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Unnatural narratives in Sam Shepard’s Mad Dog Blues

  • Hossein Pirnajmuddin
  • Omid AmaniEmail author


The main focus of this article is the term “unnatural” in a narratological analysis of Sam Shepard’s Mad Dog Blues (1971) in the light of ‘possible worlds’ theory. The term is recently coined and, in Jan Alber’s definition, designates those physically, logically, and even humanly impossible scenarios and events—according to the cognitive model of possible worlds—that challenge our real world knowledge. Mad Dog Blues is deemed to be one of the most complicated, fast-moving, and vividly imaginative but also obscure and puzzling of Shepard’s plays. The play in postmodernist fashion teems with a simultaneous collage-like collection of different types of unnatural narratives and storyworlds. It starts with a self-reflexive postmodern list; confronts us with unnatural characters; deconstructs our real-world knowledge about time and temporal progress; and presents us with impossible spaces. The analysis of the play in this essay is based on Jan Alber’s reading strategies which are meant to naturalize the play’s unnatural narratives.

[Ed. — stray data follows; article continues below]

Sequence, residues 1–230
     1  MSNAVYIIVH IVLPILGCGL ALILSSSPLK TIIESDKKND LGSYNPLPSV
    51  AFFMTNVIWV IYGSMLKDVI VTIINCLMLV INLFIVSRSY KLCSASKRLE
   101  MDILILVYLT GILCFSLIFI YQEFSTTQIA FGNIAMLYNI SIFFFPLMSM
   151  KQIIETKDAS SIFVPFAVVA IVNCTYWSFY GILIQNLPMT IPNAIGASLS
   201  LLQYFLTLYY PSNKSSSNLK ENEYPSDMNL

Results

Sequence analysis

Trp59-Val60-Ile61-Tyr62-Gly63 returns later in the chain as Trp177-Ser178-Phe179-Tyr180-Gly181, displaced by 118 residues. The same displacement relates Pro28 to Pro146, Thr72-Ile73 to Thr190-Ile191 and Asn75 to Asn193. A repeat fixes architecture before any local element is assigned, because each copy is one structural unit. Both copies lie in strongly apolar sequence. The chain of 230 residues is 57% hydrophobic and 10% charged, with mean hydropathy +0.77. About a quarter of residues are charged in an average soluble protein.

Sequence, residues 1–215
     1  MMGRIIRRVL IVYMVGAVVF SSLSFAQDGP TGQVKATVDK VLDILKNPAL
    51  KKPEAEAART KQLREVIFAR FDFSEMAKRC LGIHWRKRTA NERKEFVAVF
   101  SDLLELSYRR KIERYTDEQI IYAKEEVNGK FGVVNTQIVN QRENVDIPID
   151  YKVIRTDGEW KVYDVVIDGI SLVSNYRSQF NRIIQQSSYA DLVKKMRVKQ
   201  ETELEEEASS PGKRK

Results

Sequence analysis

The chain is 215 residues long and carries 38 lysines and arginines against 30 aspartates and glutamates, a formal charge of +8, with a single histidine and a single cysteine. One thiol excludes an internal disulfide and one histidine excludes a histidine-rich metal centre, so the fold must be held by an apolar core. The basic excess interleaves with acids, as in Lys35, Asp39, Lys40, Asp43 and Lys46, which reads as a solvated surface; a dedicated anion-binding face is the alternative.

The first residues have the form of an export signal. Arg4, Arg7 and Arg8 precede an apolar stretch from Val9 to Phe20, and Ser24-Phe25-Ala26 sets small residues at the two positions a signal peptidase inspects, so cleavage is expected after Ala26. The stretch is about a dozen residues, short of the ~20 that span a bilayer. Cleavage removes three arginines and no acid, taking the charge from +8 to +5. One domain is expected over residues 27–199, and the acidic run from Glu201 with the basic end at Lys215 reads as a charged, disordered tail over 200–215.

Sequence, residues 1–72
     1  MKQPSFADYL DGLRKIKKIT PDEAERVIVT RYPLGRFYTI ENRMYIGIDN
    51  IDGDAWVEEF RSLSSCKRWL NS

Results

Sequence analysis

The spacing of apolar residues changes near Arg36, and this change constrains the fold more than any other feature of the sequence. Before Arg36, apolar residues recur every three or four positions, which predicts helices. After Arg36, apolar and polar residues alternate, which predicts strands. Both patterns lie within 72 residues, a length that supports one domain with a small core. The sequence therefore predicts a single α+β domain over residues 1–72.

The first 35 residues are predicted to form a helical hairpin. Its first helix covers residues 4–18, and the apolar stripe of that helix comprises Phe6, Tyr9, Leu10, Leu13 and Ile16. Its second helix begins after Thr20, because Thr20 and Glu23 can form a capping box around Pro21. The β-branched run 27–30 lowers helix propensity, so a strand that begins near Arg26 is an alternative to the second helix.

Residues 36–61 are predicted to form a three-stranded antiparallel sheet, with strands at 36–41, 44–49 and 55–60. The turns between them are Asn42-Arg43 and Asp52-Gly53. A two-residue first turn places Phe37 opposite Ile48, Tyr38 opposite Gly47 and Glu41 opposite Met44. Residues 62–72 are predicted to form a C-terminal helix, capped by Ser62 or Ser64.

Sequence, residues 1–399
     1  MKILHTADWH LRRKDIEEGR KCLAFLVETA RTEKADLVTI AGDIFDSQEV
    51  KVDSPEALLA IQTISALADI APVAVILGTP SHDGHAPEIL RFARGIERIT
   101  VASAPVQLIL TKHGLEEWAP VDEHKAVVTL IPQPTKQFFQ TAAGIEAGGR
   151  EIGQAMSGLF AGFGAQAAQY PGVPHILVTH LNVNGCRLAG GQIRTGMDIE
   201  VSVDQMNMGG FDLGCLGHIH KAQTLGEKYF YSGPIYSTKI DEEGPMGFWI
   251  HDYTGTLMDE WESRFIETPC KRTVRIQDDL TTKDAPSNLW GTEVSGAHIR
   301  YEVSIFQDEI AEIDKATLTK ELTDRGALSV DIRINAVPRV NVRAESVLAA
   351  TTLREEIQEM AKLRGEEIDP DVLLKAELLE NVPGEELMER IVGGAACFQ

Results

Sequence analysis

Sam Shepard’s Mad Dog Blues Jan Alber Unnatural narratives Cognitive poetics Possible worlds Postmodernism 



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Copyright information

© Akadémiai Kiadó, Budapest, Hungary 2019

Authors and Affiliations

  1. 1.English DepartmentUniversity of IsfahanIsfahanIran
  2. 2.English DepartmentMalayer UniversityMalayerIran

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